Key topics such as system availability, operational effectiveness and return on investment come to mind when thinking of an airport’s baggage handling system as a critical asset.
Taking into account the initial outlay for a brand new system, alongside the projected operational and maintenance related investments, it is no doubt a long and complex journey to converge onto suitable and future-proofing solutions. Osem Jibrail speaks to Manufacturers’ Monthly about how SEW can make the journey easier from a conveyor powered drive system perspective, using their latest Movi-C drive system technology.
Airports can be stressful at the best of times. Whether queuing up at the baggage check-in, waiting to board the plane itself, or hanging around waiting for the plane to taxi to a gate once it’s arrived at its destination, there are other places most people would rather be. Also, there is the chance luggage might get lost and end up in another state or part of the world altogether.
There are two main hurdles once the aeroplane is parked – customs and baggage collection. Going through customs for most is a formality, however baggage collection can be a different story.
Many systems, sub-systems and processes would need to operate effectively for a bag to reach its desired destination, and therefore be available for collection by travellers.
This is not lost on Osem Jibrail, who is SEW Eurodrive’s national industry specialist for airports. When it comes to installing new conveyors and the equipment that drives them – such as geared motors and variable speed drives / control gear – Jibrail believes it’s not just about supplying the drive solution and leaving it at that. He said it’s important to work with the customer from start to finish to ensure complete customer satisfaction and operational effectiveness.
“Conveyors systems are a critical asset at airports. They hold a lot of risk to the operation of the airport,” he said. “This is a risk where a few flights could be grounded, or people from the other side of the world don’t get their bags. Surveys over the years have shown customer satisfaction at airports and with airlines is important.”
Jibrail said it is his role to approach Airports, as the end users, conveyor system OEMs and integrators, as well as consultants who are involved in this industry, and learn about what they do, what they want, what they find useful, what problems they have and how SEW can help solve them. He does this in conjunction with using SEW’s products and solutions Whether they’d be off the shelf, customised or both.
“This is why we try and be involved with the integrators, and airport authorities as early as possible in the project proposals and inceptions,” he said. “We try and instil redundancies, and we try and instil Plan Bs. We also try to ensure the drive systems and solutions we offer are simple and do not require a great deal of training to install, commission and diagnose”.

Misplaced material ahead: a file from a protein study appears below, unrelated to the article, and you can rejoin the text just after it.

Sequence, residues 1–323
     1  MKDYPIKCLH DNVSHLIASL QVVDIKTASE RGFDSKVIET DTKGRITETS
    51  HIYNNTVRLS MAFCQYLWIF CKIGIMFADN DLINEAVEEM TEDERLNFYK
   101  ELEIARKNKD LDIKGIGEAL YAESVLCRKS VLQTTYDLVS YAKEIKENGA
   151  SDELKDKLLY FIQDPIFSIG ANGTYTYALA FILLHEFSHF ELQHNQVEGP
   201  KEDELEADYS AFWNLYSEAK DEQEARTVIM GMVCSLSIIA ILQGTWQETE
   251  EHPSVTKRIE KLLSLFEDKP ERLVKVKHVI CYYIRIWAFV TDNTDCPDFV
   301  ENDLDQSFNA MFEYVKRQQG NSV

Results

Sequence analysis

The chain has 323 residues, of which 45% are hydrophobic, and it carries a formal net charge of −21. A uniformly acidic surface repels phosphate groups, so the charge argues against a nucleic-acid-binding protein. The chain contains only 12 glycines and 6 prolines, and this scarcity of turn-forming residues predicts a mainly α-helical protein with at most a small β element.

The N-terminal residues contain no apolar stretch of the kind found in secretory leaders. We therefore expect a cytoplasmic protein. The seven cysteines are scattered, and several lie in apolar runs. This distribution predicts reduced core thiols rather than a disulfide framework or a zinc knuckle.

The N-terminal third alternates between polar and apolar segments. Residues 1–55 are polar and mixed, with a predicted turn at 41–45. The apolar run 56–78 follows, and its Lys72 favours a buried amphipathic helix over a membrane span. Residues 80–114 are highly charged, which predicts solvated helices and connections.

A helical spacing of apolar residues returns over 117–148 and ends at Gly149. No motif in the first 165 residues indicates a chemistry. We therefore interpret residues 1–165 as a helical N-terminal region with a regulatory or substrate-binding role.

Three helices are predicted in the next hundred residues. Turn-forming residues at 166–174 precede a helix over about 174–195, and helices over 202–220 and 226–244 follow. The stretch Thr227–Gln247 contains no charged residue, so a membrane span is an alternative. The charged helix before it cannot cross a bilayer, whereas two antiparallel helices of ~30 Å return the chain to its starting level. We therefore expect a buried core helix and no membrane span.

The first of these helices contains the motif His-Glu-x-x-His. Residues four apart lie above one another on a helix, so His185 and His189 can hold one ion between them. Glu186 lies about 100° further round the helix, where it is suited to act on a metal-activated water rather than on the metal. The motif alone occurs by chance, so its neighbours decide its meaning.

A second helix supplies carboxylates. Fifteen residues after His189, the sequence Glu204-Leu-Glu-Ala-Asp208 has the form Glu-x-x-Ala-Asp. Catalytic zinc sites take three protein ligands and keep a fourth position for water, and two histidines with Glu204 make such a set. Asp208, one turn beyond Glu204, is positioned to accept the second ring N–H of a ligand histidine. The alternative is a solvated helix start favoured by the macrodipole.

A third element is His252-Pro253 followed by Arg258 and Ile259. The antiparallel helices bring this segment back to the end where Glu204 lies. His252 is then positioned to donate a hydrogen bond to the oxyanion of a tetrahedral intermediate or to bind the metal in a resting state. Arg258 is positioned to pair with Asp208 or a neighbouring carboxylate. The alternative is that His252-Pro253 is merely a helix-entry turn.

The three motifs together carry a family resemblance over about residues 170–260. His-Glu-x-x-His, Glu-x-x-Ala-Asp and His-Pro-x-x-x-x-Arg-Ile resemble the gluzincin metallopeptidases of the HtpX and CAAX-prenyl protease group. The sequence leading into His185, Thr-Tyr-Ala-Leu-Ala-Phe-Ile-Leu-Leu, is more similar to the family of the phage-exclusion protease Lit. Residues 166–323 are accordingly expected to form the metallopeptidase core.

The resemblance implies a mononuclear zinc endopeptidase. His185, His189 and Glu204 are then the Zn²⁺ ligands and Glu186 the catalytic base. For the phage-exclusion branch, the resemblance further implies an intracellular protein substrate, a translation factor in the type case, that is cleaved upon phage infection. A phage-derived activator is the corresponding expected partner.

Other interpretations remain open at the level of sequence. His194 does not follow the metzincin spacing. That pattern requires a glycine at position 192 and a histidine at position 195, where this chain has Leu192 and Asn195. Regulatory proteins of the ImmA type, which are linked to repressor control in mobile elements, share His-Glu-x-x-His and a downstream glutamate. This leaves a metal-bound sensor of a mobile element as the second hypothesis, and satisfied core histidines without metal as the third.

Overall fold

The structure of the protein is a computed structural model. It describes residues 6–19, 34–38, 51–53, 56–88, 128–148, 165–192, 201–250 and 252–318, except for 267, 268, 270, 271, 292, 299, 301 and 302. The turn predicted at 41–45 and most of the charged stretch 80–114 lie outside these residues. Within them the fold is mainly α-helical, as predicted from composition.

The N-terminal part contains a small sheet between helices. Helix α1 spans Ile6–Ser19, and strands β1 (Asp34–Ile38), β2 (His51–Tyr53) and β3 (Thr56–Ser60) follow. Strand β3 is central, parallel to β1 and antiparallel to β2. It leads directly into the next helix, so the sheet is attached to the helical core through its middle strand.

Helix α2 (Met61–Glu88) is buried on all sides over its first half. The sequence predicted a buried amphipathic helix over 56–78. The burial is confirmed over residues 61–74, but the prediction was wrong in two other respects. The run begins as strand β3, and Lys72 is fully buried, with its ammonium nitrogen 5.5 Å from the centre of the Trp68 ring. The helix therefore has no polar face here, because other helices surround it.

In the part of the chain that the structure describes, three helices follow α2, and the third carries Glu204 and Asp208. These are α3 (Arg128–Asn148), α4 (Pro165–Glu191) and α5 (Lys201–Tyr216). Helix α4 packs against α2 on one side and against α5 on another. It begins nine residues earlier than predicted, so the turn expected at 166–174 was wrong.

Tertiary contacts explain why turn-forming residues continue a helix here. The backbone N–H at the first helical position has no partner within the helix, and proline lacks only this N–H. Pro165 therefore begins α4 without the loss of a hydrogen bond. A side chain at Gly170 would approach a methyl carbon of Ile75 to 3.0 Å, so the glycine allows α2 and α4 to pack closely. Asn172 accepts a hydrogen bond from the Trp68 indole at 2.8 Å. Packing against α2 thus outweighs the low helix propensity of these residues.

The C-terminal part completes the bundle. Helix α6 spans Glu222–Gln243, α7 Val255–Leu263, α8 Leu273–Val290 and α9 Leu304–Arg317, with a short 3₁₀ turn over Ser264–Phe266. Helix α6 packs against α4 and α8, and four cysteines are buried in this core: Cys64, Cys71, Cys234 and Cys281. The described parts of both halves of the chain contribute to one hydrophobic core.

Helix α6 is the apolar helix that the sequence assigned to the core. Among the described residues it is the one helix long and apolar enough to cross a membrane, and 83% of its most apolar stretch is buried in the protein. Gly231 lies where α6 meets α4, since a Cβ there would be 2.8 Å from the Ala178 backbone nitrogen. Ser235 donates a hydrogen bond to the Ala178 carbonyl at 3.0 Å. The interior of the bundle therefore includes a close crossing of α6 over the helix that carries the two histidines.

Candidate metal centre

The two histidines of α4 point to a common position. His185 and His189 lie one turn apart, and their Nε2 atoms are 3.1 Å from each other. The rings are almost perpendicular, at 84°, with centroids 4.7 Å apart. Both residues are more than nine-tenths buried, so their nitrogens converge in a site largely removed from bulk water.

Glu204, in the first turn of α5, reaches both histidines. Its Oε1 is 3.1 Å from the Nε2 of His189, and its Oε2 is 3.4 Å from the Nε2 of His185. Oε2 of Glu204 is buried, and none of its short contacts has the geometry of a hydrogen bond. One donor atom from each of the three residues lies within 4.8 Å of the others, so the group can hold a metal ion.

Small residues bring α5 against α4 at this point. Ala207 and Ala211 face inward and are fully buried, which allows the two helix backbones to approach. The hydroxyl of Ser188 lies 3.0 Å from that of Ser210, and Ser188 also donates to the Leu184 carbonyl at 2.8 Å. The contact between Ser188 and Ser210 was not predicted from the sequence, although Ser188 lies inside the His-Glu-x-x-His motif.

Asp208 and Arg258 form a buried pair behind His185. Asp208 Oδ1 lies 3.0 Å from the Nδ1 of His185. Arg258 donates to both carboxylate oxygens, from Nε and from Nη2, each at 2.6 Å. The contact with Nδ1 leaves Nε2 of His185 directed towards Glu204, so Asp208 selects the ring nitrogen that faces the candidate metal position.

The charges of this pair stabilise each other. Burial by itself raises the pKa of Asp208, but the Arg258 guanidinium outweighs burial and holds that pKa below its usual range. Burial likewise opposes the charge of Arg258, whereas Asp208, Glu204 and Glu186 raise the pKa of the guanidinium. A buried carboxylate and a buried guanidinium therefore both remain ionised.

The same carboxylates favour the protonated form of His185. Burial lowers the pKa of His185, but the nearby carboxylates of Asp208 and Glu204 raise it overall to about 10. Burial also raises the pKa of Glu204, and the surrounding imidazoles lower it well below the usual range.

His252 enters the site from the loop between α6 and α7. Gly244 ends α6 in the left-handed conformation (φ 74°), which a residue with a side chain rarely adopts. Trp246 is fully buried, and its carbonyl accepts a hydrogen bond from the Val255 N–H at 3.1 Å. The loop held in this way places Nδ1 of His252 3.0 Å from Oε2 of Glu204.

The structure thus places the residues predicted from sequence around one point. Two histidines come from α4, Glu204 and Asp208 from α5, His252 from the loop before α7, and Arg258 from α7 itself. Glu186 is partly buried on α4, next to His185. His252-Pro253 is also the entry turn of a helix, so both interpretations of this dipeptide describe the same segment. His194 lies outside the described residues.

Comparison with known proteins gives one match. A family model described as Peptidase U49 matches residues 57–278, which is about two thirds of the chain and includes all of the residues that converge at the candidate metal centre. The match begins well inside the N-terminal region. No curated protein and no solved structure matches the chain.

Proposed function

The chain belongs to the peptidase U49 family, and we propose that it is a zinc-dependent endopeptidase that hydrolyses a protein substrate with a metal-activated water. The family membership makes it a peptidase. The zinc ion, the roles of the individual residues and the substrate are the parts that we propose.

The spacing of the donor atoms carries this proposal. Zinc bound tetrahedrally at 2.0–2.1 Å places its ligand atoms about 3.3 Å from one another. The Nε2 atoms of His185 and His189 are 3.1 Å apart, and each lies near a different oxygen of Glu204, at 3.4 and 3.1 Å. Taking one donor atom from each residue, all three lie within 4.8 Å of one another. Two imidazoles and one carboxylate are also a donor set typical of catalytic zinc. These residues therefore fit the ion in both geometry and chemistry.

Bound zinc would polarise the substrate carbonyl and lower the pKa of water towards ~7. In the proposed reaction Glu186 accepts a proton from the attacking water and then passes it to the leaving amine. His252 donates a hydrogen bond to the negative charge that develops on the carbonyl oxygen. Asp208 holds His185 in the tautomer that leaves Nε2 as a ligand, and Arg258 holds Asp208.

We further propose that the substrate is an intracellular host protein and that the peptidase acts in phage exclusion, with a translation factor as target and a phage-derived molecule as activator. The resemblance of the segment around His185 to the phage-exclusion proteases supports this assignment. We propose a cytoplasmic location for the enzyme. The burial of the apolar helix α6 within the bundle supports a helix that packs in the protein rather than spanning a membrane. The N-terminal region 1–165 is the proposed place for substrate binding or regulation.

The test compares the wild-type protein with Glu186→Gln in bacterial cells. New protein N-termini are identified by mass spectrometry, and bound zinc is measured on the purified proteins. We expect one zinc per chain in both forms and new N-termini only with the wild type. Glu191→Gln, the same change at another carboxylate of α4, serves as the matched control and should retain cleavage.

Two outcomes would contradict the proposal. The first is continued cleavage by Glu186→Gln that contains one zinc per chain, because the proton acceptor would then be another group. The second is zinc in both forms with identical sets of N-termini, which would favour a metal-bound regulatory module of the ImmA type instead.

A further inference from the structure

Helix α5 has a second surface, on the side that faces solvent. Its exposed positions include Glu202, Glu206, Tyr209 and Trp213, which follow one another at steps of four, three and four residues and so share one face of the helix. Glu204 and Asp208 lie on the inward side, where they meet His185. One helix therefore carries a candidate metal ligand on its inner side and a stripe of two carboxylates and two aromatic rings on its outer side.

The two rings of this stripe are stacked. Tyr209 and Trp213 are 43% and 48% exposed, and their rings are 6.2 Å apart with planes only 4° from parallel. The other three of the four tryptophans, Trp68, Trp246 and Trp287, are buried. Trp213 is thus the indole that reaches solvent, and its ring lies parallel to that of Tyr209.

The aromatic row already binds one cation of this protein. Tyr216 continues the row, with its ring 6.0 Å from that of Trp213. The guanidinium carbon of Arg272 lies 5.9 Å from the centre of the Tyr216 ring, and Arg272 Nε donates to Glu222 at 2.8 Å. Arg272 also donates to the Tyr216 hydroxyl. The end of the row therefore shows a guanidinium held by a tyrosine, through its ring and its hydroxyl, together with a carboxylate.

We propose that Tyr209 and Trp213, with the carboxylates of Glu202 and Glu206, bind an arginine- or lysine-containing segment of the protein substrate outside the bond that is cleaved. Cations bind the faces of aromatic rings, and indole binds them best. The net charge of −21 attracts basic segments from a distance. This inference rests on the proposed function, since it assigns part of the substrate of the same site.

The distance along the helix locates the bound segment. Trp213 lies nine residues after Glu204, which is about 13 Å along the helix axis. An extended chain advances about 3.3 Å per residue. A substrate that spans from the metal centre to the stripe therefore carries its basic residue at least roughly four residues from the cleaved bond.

SEW is also aware that there is huge drive among many different organisations to ensure that supplied equipment are compliant to the highest energy efficiency standards and as well as sustainability demands, not only made by governments but the general public as well. This is another reason they like to be involved at the scoping stage of a project.
“We aim to be involved early on in the project, this way we are able to work from the ground up in achieving such targets as reducing the peak power draw of the system as a whole, and reducing the average energy consumption of a system as much as possible, by articulating our motor selections to suit the system’s operational demands,’” he said. “What we try and do is take our time in learning about the applications and customer needs, and then standardise that as much as possible, therefore reducing drive system variants and complexity
“We size up to demand, we don’t chuck in an unrealistic safety factor for the sake of it. We take the big picture into account as we size and select conveyor drive systems. We perceive ourselves as a partner to the stakeholder, to the airport, not just a supplier.”
Jibrail also backs SEW’s ability to meet company’s needs simply due to the scale of the company both in Australia and overseas. Its stock holdings are high, which means its delivery times are quicker, which helps them to supply on demand almost as soon as a part is required.
“We have a big engineering force in terms of our level of expertise and training,” he said. “We take the time to invest in those traits in our engineering team. How that is useful in the airport solution business is that we are able to align ourselves with the customer’s requirements and come up with the most suitable solutions rather than just supply what’s on the shelf.”
“Getting deeper into an industry and learning the pain points, what problems are there to solve, speaking our stakeholders’ language – this is what we do.”